Maternity Protection

Germany ratifies the Maternity Protection Convention

News | 30 September 2021
On 30 September 2021, the Government of Germany deposited the instrument of ratification of the Maternity Protection Convention, 2000 (No. 183),

Germany becomes the 40th country to ratify Convention No. 183, the ILO’s most up-to-date and comprehensive standard on maternity protection.

In depositing the instrument of ratification, Ms. Kerstin Griese, Parliamentary State Secretary at the Federal Ministry of Labour and Social Affairs of Germany, stated: “Many women around the world still very much face the reality of discrimination, of violence and harassment based on pregnancy, maternity and their family responsibilities. In ratifying Convention No. 183 Germany is sending a strong signal reaffirming its commitment to fight against discrimination of working women worldwide.”

On the occasion of the ratification, Ms. Caren Marks, Parliamentary State Secretary at the Federal Ministry of Family Affairs, Senior Citizens, Women and Youth, declared: Maternity protection has always been one of the key issues for protecting women’s, children’s and family rights at international level. The ratification of ILO Convention 183 by the Federal Republic of Germany promotes the reconciliation of work and family life for pregnant and breastfeeding women by emphasizing the importance of maternity protection. Ratification enables Germany to participate more effectively in the international debate on maternity protection and helps to advance maternity protection both in Germany and in other countries.

In receiving the instrument of ratification, Mr. Guy Ryder, Director-General of the ILO, stated: “I welcome the ratification by Germany of Convention No. 183, which sets standards of utmost importance for the achievement of gender equality in the world of work. Strengthening maternity protection in all its dimensions is more than ever needed, in view of the negative impact that the COVID-19 crisis has had on jobs, livelihoods and national health care systems, which have particularly affected women. By promoting the health, safety and well-being of pregnant women, new mothers and newborns, Convention No. 183 contributes to building a better, brighter future. The ongoing commitment of Germany to social protection in these crucial times must be underlined”.

Maternity protection is an area of major concern for the ILO since its foundation in 1919, when the first international convention on the subject was adopted. Safeguarding the health of expectant and nursing mothers, protecting them from job discrimination and ensuring income continuation or replacement during periods of leave is a precondition for achieving genuine equality of opportunity and treatment for men and women at work and enabling workers to raise families in health and security.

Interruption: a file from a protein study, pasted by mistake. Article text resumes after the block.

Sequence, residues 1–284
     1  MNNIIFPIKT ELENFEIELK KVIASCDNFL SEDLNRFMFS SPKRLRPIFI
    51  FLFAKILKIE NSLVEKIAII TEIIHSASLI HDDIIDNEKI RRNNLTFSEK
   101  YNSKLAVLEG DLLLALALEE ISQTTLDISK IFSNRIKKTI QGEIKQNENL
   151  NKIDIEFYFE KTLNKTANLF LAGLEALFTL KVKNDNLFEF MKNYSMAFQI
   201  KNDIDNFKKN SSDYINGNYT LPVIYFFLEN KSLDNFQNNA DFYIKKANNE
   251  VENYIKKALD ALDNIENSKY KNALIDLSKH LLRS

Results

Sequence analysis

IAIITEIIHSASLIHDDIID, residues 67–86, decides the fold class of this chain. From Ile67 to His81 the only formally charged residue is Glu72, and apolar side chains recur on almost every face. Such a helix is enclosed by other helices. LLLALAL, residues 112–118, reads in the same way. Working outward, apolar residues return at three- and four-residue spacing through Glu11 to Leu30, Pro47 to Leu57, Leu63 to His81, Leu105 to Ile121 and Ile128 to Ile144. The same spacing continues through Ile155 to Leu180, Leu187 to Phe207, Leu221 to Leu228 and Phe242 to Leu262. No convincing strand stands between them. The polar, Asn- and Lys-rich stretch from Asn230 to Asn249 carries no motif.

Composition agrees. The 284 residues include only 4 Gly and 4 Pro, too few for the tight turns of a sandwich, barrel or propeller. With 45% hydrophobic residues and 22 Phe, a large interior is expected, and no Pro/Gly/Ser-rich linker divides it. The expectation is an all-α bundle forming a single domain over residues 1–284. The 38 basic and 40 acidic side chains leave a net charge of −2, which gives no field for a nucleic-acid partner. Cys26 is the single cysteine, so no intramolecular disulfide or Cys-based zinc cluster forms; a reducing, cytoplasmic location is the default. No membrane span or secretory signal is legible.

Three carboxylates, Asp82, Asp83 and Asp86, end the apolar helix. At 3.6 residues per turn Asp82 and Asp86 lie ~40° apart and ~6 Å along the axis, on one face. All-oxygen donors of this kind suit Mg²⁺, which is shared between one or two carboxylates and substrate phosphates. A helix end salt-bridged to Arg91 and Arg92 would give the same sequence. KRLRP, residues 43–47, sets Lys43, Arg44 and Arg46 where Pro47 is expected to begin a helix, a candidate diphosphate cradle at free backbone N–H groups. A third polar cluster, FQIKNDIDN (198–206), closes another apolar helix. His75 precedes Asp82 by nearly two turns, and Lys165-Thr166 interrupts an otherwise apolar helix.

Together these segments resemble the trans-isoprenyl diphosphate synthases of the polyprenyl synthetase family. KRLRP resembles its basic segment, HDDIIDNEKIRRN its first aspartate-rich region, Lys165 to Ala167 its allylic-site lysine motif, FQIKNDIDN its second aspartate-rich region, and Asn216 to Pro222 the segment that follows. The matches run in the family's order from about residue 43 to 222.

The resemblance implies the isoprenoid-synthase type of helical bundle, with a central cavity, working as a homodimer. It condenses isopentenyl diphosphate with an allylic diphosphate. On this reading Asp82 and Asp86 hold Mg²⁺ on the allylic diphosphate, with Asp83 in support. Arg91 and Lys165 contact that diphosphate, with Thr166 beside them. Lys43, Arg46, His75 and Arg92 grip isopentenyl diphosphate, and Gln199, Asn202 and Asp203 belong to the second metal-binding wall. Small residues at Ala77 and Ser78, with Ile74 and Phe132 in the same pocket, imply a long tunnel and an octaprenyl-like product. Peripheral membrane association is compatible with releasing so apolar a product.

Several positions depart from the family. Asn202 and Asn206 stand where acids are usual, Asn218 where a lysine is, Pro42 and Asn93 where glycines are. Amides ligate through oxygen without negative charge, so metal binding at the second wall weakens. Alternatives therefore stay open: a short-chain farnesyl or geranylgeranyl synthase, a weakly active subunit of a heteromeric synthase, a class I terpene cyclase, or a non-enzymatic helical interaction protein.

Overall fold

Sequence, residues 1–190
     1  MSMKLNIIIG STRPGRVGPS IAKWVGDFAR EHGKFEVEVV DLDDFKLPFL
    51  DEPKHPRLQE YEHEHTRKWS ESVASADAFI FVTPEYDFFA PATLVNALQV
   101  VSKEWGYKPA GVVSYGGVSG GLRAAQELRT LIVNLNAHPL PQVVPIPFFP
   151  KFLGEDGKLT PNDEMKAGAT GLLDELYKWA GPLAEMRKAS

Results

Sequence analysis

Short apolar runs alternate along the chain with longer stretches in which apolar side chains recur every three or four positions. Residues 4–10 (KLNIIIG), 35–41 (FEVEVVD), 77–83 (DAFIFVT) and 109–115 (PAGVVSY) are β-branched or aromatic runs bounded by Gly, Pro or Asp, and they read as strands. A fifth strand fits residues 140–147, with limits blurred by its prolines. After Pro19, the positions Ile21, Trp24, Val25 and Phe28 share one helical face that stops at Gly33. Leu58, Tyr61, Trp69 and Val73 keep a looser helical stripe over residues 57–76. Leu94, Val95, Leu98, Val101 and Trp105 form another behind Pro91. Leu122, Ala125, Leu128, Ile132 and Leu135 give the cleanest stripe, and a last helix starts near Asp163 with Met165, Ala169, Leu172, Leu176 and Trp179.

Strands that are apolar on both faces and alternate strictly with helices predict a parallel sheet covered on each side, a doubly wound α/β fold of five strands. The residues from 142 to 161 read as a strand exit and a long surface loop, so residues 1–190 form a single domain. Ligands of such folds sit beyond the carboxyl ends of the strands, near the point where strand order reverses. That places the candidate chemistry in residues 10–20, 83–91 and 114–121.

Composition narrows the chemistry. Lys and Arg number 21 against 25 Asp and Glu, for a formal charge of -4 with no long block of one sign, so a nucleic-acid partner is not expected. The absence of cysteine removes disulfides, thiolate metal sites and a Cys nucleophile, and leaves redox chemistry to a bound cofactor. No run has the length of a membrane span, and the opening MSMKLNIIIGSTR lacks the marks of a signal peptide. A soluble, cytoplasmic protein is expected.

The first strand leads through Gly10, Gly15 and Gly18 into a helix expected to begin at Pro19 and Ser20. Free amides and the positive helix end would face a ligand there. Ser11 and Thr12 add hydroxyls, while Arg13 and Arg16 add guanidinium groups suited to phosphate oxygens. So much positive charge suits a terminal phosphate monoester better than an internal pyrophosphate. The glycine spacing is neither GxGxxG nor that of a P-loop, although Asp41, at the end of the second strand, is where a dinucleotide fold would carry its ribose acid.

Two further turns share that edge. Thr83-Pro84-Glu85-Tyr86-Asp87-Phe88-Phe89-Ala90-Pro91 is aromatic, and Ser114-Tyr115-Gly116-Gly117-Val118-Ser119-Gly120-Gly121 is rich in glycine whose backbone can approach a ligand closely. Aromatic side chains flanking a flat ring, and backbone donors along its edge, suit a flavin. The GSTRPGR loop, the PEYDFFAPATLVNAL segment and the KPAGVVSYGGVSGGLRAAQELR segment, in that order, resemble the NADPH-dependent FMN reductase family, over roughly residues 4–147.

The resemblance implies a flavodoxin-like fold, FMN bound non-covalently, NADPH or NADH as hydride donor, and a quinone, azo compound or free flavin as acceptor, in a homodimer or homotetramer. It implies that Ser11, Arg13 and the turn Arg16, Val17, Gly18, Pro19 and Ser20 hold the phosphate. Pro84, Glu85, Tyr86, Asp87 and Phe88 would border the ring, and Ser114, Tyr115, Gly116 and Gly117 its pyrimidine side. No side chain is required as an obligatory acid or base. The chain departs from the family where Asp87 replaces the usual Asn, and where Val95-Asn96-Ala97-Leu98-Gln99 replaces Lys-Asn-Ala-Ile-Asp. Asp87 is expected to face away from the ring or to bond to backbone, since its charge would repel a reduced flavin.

These objectives are encompassed in Convention No. 183, which seeks to ensure that the right to work and rights at work of all employed women, including women employed in atypical forms of dependent work, are adequately protected during maternity and beyond. For this purpose, the Convention sets forth a comprehensive approach, encompassing the right of protected women to: medical care; maternity leave; cash benefits to ensure the mother can support herself and her family during leave; protection from unhealthy and unsafe working conditions and environments during pregnancy and nursing ; protection from dismissal and discrimination in employment; and nursing breaks on return to work. Convention No. 183 and its accompanying Recommendation, No. 191, will make the object of the General Survey of the Committee of Experts on the Application of Conventions and Recommendations in 2022, together with the Discrimination (Employment and Occupation) Convention and Recommendation, Nos. 111, and the Workers with Families Responsibilities Convention, No. 156 and Recommendation, No. 165.

Despite significant advances in the extension of protection in many parts of the world, periods of maternity remain marked by vulnerability and insecurity for many working women and their families. According to the recently published ILO’s World Social Protection Report 2020-22, only 44.9 per cent of women with newborns worldwide receive a maternity benefit, a percentage that drops drastically in some regions. Effective and affordable access to maternity health care is still far from universal and unacceptable levels of maternal and newborn mortality rates can be observed in many parts of the world.

Maternity protection is a key component of the transformative policies called for in the 2030 Agenda for Sustainable Development. Ratifying and applying Convention No. 183 can bring countries closer to meeting, notably, SDGs 1 (No poverty), 3 (Good health and well-being), 5 (Gender equality), 8 (Decent work and economic growth) and 10 (Reduced inequalities), and ensure that no woman is left behind.

The Convention will enter into force for Germany on 1st October 2021. To this date, Germany has ratified 86 International Labour Conventions. For further information, see NORMLEX.